Complacency is a virtue
I am militantly apathetic and therefore well acquainted with the confines of cynical complacency. I violently project my apathy towards most things that other people seem to get riled up about; the Scottish Indy Ref, Jeremy Corbyn, David Cameron (oink), Catalonian independence, being productive, fulfilling dreams, waking up in the morning. I mean, whatever, all days end anyway.
This may sound like I have the sentience of phlegm, but I do care about some things— gay rights, women’s rights, Kurdish independence, Rioja— to name but a few. Perhaps a curious selection considering I am a hetero (?) male from the overcast climes of the Scottish north. Actually, not that curious at all if you believe in love and perhaps skim the news once in a while or, like me, read it so obsessively that it affects your social life: “no I can’t come out tonight, there’s been a landslide in Brazil”.
It also helps that I was raised by feminist social worker who would thankfully scorn me for saying someone’s shoes were totally gay from the day the nurse spanked my gender-neutral arse cheek until the day it sank in that it was totally gay to call something gay in a derogative, totally gay way.
Today’s protest was of the feminist ilk: contra la violencia machista. It reminded me that looks can be deceiving. I was speaking with a guy in a bar not long ago and our conversation swiveled towards women’s rights. His key point was “go outside and you’ll see that women in Spain are equal”. It may appear that way but just because women in Spain don’t have to wear hijab, can leave their house unaccompanied, can drive, can vote, can choose their partner, have access to tampons, condoms, education, aren’t stoned to death on a daily basis doesn’t mean there isn’t work to be done.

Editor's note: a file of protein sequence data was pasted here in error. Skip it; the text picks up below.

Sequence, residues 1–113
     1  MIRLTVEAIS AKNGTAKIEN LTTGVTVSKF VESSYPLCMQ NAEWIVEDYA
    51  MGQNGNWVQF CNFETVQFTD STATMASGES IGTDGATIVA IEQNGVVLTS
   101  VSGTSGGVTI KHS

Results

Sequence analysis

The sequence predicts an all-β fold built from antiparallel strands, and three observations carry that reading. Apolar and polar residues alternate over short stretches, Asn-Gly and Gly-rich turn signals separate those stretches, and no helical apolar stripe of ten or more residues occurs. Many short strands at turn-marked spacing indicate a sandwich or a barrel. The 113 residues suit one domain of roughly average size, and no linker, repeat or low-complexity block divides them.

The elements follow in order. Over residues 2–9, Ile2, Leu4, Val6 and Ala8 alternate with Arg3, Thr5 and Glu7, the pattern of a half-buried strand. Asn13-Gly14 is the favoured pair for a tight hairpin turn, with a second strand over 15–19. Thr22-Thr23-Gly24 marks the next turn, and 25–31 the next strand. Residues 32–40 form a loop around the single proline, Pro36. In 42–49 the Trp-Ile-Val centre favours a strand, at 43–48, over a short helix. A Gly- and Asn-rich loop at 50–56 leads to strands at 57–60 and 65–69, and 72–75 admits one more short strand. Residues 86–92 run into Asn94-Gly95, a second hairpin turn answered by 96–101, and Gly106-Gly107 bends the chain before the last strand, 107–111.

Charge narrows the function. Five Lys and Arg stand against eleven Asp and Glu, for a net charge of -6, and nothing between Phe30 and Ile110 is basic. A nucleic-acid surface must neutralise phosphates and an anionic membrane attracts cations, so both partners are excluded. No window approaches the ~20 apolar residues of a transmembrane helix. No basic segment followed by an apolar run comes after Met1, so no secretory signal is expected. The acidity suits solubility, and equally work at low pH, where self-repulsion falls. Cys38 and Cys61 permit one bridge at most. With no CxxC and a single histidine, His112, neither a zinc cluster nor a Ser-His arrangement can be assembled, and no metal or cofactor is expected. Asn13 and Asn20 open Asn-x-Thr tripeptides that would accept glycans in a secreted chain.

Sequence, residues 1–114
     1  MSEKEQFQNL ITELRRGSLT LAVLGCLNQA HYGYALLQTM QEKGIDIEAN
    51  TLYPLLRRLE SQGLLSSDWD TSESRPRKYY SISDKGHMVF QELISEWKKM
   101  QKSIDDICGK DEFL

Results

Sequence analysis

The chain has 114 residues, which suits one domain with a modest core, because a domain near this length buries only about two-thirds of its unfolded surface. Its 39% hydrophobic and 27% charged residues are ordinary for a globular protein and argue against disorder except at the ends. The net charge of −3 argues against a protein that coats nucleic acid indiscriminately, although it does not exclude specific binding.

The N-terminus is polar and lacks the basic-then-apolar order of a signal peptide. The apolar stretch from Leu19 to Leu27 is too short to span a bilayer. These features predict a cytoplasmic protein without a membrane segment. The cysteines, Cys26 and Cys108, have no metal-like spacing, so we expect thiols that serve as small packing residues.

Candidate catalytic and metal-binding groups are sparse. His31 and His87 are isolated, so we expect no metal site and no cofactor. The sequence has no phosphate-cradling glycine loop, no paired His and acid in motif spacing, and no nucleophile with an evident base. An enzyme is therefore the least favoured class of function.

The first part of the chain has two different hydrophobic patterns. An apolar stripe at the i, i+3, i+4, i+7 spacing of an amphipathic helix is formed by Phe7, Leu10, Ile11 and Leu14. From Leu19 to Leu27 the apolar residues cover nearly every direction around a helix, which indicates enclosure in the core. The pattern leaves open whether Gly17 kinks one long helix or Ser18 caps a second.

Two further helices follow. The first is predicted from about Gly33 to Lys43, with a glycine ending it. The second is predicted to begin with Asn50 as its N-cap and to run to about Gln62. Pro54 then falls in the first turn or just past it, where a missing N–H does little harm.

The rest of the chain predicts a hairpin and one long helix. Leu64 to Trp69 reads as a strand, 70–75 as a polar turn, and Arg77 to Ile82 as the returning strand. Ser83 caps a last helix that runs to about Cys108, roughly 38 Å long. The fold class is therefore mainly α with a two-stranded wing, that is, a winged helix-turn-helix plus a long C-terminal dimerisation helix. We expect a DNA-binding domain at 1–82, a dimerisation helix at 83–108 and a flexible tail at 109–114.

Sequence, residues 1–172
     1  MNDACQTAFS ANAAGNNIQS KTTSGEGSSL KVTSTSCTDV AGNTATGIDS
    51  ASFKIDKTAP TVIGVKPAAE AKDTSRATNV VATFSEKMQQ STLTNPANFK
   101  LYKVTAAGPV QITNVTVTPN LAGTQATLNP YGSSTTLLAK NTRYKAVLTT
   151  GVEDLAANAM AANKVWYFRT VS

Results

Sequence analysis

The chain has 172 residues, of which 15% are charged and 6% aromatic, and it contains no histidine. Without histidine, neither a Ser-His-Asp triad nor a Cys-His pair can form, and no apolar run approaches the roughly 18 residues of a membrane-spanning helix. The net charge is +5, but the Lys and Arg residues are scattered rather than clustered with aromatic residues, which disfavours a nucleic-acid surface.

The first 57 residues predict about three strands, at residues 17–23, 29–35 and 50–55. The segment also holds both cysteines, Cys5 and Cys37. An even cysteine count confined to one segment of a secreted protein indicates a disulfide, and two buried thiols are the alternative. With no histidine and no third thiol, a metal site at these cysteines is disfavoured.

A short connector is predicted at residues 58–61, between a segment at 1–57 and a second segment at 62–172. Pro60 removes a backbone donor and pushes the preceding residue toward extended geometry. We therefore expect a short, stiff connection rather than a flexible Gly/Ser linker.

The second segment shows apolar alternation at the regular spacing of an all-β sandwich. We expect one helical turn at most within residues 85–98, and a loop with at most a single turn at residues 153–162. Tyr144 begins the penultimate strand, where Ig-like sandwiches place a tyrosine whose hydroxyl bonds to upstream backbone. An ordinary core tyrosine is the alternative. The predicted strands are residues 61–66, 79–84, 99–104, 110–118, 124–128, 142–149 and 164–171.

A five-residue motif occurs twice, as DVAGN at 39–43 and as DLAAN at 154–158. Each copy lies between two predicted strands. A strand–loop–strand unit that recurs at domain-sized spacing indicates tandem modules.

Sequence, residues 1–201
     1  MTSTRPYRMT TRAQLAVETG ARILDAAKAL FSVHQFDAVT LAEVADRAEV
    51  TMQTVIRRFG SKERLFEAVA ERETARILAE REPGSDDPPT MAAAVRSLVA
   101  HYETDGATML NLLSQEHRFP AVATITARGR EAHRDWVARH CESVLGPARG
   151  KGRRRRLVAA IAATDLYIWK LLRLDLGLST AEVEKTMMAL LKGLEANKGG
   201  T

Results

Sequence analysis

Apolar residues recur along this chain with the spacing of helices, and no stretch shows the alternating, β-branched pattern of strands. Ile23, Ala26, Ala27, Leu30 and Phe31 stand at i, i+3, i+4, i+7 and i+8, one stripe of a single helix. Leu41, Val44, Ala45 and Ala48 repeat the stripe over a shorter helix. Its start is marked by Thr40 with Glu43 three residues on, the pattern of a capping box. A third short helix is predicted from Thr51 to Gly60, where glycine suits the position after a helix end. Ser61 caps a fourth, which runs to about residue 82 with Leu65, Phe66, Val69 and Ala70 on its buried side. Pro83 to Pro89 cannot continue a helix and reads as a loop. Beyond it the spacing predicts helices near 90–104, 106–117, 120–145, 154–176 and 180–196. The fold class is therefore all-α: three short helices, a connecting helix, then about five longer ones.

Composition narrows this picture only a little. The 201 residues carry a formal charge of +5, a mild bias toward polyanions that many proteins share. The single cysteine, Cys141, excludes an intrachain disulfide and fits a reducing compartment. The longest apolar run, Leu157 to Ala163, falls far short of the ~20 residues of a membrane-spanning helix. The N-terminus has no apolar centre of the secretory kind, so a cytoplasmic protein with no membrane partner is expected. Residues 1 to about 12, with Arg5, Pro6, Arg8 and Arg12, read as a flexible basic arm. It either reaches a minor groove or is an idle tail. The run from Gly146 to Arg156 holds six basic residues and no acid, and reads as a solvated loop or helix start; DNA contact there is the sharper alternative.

Some people struggle to see the inequality because they don’t have to live it. If I go on a night out the chances of catcalling, being groped or forcibly kissed are pretty bloody slim. And just because I roll the bottom of my jeans up doesn’t mean I’m asking for it. It sounds ridiculous but I’d hesitate to guess that almost 100% of my female friends could relate to this. I have had to play the role of pretend boyfriend for people before in order to curb unsolicited attention. That should not be brushed off as the norm.
There should also be no reason why a woman can’t walk through a dark park at 4am after a night out. But there is. Until there isn’t, there will still be a place for global feminist movements.
But you know, whatever. Like I care. All days end anyway.